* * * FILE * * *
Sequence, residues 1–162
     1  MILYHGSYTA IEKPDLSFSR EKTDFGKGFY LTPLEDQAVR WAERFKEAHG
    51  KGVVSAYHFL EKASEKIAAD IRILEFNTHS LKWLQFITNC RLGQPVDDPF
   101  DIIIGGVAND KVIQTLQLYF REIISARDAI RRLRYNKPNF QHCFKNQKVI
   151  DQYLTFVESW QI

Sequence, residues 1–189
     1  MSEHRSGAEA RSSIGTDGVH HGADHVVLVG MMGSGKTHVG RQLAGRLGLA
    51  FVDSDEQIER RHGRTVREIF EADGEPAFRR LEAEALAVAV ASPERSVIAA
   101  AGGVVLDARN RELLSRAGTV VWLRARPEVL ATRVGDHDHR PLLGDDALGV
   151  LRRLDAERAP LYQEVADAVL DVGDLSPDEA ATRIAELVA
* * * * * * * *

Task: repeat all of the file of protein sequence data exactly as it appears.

Sequence, residues 1–162
     1  MILYHGSYTA IEKPDLSFSR EKTDFGKGFY LTPLEDQAVR WAERFKEAHG
    51  KGVVSAYHFL EKASEKIAAD IRILEFNTHS LKWLQFITNC RLGQPVDDPF
   101  DIIIGGVAND KVIQTLQLYF REIISARDAI RRLRYNKPNF QHCFKNQKVI
   151  DQYLTFVESW QI

Sequence, residues 1–189
     1  MSEHRSGAEA RSSIGTDGVH HGADHVVLVG MMGSGKTHVG RQLAGRLGLA
    51  FVDSDEQIER RHGRTVREIF EADGEPAFRR LEAEALAVAV ASPERSVIAA
   101  AGGVVLDARN RELLSRAGTV VWLRARPEVL ATRVGDHDHR PLLGDDALGV
   151  LRRLDAERAP LYQEVADAVL DVGDLSPDEA ATRIAELVA